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Hoffmann, R. A wiki for the life sciences where authorship matters. Nature Genetics (2008)

Contribution of human mlh1 and pms2 ATPase activities to DNA mismatch repair.

MutLalpha, a heterodimer composed of Mlh1 and Pms2, is the major MutL activity in mammalian DNA mismatch repair. Highly conserved motifs in the N termini of both subunits predict that the protein is an ATPase. To study the significance of these motifs to mismatch repair, we have expressed in insect cells wild type human MutLalpha and forms altered in conserved glutamic acid residues, predicted to catalyze ATP hydrolysis of Mlh1, Pms2, or both. Using an in vitro assay, we showed that MutLalpha proteins altered in either glutamic acid residue were each partially defective in mismatch repair, whereas the double mutant showed no detectable mismatch repair. Neither strand specificity nor directionality of repair was affected in the single mutant proteins. Limited proteolysis studies of MutLalpha demonstrated that both Mlh1 and Pms2 N-terminal domains undergo ATP-induced conformational changes, but the extent of the conformational change for Mlh1 was more apparent than for Pms2. Furthermore, Mlh1 was protected at lower ATP concentrations than Pms2, suggesting Mlh1 binds ATP with higher affinity. These findings imply that ATP hydrolysis is required for MutLalpha activity in mismatch repair and that this activity is associated with differential conformational changes in Mlh1 and Pms2.[1]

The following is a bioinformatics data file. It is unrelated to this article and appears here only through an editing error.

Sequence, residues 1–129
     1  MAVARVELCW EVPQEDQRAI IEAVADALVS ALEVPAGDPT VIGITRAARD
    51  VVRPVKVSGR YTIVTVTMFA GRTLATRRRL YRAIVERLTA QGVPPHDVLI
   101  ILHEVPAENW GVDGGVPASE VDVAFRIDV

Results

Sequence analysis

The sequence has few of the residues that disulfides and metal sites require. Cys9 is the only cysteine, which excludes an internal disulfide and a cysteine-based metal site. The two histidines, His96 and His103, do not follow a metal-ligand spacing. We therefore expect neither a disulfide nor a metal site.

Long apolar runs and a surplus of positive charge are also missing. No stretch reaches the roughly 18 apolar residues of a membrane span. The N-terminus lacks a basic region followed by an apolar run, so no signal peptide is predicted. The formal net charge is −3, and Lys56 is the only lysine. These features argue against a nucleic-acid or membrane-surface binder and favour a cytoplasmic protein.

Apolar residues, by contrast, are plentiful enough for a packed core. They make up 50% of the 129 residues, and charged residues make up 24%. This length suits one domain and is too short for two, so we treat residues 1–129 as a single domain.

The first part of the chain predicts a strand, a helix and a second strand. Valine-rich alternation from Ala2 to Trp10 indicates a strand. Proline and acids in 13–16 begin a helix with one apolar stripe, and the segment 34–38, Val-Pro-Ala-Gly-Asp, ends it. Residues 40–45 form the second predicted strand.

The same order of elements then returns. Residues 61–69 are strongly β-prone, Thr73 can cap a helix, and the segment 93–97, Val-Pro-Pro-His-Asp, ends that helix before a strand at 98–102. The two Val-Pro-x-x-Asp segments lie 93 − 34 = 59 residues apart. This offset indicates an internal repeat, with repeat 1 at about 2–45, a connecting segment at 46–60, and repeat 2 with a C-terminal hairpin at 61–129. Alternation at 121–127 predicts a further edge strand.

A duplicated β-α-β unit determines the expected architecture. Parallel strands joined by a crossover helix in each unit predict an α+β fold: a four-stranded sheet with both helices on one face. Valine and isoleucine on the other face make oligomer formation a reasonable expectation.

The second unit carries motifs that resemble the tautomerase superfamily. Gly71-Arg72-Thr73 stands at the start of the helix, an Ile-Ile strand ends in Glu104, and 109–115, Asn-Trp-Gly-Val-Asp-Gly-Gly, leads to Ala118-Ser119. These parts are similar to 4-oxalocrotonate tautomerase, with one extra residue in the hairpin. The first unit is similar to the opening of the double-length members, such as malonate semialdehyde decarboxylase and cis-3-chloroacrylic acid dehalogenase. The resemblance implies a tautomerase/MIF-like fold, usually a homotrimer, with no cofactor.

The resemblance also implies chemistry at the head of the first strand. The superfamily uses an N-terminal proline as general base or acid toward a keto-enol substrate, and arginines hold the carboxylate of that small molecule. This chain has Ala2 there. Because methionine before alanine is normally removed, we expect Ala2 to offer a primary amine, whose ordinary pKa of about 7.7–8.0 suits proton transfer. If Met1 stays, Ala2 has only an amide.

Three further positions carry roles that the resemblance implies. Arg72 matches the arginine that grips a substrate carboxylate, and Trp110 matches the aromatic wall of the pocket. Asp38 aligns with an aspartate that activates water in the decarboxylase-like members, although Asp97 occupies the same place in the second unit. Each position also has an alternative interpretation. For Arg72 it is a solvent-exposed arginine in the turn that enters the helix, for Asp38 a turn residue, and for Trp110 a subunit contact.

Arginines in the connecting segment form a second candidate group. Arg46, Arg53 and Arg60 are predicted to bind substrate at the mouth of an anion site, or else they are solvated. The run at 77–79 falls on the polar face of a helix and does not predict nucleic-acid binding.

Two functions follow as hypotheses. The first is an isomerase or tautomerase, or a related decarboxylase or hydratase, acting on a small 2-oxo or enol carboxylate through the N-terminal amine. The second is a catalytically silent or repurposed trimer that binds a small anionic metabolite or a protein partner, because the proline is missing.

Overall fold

1. Contribution of human mlh1 and pms2 ATPase activities to DNA mismatch repair. Tomer, G., Buermeyer, A.B., Nguyen, M.M., Liskay, R.M. J. Biol. Chem. (2002) [Pubmed]
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